bissacd2226 

Wydawnictwo: Bis
Nr katalogowy: BISSACD 2226
Nośnik: 1 SACD
Data wydania: czerwiec 2017
EAN: 7318599922263
Dostępność: w magazynie

54,00 zł
Zamów BISSACD 2226
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Nasze kategorie wyszukiwania

Epoka muzyczna: romantyzm
Obszar (język): niemiecki
Rodzaj: symfonia

SACDHybrydowy format płyty umożliwia odtwarzanie w napędach CD!

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Mahler: Symphony No. 5

Bis - BISSACD 2226
Wykonawcy
Minnesota Orchestra / Osmo Vänskä
Nagrody i rekomendacje
 
ArkivMusic Best of Classic FM Editor's Choice Music Island Recommends
 
Gustav Mahler:
Symphony No. 5 in C sharp minor
First disc in a series of Mahler symphonies.
As a team, OsmoVänskäand his Minnesota Orchestra began their collaboration with BIS in 2004, launching a Beethoven Symphony cycle that made reviewers worldwide sit up and take notice: ‘a modern reference edition’ was the verdict on web site ClassicsToday.com, while Gramophone Magazinedescribed it as ‘a Beethoven reforgedfor today's world’. Twelve years later saw the release of the third and final disc in the Minnesota-Vänskäcycle of Sibelius's symphonies, with individual discs receiving distinctions such as a 2014Grammy Award(for symphonies nos1 and 4), Gramophone's Editor's Choice, Choice of the Month in BBC Music Magazineand inclusion on the annual list of best classical recordings in New York Times.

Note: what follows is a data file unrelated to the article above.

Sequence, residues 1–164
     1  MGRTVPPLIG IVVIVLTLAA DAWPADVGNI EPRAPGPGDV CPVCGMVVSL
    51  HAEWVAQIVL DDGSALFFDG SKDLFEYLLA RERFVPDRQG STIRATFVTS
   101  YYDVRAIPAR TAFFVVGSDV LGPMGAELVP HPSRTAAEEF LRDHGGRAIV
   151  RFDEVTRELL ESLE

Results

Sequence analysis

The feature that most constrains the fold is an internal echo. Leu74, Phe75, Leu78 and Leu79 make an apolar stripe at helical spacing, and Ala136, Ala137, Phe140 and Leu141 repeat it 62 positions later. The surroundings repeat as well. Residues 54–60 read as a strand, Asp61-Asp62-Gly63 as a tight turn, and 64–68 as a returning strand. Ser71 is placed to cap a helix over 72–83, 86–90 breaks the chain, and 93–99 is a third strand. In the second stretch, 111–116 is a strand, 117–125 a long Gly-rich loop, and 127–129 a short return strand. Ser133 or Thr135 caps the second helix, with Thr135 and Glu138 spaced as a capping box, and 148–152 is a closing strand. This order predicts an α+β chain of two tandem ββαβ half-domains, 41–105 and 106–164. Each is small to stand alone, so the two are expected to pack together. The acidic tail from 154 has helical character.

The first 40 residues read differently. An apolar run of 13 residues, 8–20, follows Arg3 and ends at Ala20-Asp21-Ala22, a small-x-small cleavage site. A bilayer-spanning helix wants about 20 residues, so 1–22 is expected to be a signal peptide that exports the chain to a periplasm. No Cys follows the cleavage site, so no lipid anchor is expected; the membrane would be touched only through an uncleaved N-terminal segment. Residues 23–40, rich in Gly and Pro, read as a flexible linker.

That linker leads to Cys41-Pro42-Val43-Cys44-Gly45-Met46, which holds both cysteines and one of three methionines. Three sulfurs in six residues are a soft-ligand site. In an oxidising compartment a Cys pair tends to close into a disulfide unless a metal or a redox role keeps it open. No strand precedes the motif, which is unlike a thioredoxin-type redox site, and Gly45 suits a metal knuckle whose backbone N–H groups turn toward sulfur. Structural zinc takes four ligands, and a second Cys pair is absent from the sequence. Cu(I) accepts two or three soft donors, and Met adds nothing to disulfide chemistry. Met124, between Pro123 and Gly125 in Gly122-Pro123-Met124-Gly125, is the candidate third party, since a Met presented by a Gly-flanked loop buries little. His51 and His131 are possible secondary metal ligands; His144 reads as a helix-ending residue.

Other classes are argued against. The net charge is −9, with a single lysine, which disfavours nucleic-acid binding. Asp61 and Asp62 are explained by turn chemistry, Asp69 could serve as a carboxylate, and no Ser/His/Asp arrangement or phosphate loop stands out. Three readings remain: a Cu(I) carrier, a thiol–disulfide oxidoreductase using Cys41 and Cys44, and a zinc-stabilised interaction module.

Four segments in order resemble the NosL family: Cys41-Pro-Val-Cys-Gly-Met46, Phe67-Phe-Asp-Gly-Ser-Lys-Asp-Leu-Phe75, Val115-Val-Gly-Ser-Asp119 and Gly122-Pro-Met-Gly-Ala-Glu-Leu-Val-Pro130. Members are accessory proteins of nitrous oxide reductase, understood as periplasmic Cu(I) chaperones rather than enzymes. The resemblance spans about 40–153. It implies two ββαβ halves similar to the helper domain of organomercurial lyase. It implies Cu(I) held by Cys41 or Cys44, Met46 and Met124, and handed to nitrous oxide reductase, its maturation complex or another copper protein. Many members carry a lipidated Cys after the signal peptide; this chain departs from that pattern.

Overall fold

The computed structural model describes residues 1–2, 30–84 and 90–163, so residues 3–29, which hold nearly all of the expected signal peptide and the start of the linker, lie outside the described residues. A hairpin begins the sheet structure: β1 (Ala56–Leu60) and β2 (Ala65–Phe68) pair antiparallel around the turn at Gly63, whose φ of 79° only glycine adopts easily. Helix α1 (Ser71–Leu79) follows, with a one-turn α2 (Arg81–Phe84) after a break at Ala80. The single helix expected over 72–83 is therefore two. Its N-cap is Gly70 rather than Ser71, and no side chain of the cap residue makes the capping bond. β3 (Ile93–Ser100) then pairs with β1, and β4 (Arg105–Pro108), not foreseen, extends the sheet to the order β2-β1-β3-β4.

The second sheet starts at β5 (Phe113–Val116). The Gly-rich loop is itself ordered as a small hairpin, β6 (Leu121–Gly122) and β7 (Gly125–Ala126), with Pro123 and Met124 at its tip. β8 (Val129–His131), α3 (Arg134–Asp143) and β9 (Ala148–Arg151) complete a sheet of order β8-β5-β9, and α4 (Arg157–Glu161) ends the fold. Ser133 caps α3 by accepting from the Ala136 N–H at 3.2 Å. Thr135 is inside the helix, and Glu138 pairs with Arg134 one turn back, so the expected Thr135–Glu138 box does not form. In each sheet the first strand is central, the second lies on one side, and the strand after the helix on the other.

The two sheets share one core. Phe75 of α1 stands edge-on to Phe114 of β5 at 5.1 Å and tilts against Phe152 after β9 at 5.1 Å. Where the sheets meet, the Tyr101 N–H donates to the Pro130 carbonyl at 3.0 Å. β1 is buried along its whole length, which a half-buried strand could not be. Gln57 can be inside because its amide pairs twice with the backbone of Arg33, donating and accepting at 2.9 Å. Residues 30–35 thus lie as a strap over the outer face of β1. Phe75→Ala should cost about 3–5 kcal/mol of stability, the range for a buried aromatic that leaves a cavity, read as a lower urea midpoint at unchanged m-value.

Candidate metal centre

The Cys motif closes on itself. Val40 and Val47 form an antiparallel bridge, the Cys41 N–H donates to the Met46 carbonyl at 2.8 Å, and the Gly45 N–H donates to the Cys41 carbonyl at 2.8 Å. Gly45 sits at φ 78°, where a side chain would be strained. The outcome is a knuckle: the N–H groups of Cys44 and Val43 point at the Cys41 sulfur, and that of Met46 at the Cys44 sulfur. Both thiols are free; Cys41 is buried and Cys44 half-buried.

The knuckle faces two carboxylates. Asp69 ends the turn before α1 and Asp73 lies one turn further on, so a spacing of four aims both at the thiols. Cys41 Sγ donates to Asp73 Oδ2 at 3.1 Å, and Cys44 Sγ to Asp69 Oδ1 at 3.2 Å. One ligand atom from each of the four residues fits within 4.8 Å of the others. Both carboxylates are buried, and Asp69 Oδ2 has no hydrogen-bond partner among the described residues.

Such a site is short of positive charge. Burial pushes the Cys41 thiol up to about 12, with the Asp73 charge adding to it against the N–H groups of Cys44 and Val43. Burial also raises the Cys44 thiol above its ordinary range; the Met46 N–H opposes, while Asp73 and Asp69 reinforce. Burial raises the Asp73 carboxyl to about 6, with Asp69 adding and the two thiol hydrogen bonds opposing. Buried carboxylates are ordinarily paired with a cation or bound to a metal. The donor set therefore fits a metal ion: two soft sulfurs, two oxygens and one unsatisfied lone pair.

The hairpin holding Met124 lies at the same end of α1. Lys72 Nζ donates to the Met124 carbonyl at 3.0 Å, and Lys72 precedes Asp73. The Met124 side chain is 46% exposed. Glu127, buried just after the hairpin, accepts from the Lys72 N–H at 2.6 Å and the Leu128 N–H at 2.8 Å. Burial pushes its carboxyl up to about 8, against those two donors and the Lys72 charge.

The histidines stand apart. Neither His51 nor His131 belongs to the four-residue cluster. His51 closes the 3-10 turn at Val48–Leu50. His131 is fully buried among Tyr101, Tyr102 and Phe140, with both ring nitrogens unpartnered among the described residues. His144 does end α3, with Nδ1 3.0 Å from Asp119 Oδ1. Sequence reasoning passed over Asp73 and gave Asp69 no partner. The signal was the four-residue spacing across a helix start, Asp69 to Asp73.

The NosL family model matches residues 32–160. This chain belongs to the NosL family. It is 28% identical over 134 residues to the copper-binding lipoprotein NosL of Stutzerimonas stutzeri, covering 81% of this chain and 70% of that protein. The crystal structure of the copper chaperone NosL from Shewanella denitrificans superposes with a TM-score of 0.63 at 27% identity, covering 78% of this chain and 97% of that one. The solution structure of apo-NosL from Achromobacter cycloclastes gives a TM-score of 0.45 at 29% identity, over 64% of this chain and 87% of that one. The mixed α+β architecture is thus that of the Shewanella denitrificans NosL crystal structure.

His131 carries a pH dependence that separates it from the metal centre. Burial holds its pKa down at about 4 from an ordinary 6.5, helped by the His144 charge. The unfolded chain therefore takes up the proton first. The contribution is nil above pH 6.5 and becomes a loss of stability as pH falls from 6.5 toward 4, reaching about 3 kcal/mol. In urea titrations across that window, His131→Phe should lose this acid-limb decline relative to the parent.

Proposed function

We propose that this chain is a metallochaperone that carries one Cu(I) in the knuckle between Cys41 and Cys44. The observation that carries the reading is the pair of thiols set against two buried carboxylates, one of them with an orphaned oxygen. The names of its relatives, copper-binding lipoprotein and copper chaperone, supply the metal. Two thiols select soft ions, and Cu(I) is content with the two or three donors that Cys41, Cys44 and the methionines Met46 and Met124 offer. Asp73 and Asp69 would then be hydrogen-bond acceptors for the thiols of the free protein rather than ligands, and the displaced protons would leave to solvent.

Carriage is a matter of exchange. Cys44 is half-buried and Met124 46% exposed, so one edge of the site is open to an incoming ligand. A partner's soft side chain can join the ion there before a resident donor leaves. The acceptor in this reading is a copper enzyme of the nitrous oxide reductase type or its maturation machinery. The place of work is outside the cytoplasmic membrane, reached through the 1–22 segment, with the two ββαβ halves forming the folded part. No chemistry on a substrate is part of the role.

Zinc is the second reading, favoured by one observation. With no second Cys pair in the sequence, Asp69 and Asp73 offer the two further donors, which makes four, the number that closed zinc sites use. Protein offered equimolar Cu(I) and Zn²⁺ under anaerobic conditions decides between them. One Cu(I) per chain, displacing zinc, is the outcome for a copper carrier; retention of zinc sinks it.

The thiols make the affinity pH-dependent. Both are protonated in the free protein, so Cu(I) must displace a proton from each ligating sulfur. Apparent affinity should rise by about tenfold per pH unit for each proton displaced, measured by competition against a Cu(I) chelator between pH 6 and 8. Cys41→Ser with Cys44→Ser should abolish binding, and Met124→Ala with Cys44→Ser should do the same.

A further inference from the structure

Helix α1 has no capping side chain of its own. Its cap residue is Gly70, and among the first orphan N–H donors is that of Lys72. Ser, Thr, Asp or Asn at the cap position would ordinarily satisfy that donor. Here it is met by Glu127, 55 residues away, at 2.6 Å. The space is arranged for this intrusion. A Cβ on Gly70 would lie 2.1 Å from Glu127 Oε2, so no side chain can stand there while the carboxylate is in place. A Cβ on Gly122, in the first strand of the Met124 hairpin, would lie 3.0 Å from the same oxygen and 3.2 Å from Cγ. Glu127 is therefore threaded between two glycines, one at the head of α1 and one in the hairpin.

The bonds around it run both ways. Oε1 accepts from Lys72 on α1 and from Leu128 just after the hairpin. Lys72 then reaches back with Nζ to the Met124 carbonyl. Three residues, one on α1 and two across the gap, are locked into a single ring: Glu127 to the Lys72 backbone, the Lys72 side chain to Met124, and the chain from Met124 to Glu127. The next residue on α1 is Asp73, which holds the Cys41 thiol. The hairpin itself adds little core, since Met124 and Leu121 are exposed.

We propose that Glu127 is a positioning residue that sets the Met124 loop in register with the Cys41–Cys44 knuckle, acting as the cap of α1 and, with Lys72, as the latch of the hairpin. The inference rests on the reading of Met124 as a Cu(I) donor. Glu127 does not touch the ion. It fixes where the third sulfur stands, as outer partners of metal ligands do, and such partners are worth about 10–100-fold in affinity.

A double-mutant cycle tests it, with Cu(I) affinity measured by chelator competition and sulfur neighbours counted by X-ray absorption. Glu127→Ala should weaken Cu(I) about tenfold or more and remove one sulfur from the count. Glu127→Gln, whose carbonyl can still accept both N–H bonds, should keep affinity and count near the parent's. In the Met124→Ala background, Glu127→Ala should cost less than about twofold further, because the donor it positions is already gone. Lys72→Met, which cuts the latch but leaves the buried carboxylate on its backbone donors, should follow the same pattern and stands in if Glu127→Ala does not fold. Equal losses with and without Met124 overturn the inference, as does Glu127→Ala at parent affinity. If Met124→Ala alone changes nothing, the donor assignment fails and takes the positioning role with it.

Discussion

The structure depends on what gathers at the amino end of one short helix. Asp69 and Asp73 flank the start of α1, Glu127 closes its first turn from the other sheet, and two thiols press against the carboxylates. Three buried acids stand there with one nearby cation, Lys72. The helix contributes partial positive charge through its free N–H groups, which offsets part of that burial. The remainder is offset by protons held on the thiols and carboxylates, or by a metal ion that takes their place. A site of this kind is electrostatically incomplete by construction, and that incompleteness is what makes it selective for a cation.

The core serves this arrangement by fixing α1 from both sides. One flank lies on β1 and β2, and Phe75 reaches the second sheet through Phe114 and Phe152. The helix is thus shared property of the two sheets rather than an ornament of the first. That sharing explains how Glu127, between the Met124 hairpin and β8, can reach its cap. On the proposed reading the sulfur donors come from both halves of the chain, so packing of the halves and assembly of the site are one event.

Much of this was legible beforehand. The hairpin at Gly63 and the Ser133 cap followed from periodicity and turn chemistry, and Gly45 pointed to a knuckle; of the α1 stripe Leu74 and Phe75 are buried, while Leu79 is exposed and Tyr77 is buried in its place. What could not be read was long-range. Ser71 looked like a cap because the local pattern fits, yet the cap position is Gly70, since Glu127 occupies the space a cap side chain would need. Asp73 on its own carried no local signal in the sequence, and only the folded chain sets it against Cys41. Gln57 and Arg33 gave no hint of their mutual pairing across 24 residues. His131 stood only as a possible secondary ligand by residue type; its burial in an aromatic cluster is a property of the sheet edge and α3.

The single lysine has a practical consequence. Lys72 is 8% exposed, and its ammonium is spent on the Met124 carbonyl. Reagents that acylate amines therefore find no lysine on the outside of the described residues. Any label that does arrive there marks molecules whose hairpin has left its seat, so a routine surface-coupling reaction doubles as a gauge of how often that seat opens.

The present disc launches yet another series, of even more monumental proportions, with Gustav Mahler's Fifth Symphony, recorded by the orchestra under OsmoVänskäin Orchestra Hall in Minneapolis in June 2016. Composed in 1902, the purely instrumental work followed upon three symphonies that had all included vocal parts. This and the opening trumpet motif, an allusion to the rhythm that begins Beethoven's Fifth have been interpreted as Mahler's return to a more conventional idea of the symphonic genre. Other features are less traditional, however –a sometimes bewildering mixture of musical idioms reminds us of the melting-pot that Vienna was at the time, with allusions to Austrian, Bohemian and Hungarian styles. To an unsuspecting audience, the famous Adagiettofor strings and harp –probably the best-known of all of Mahler's music –must also have been surprising, appearing at the heart of a work which is otherwise lavishly scored and orchestrated.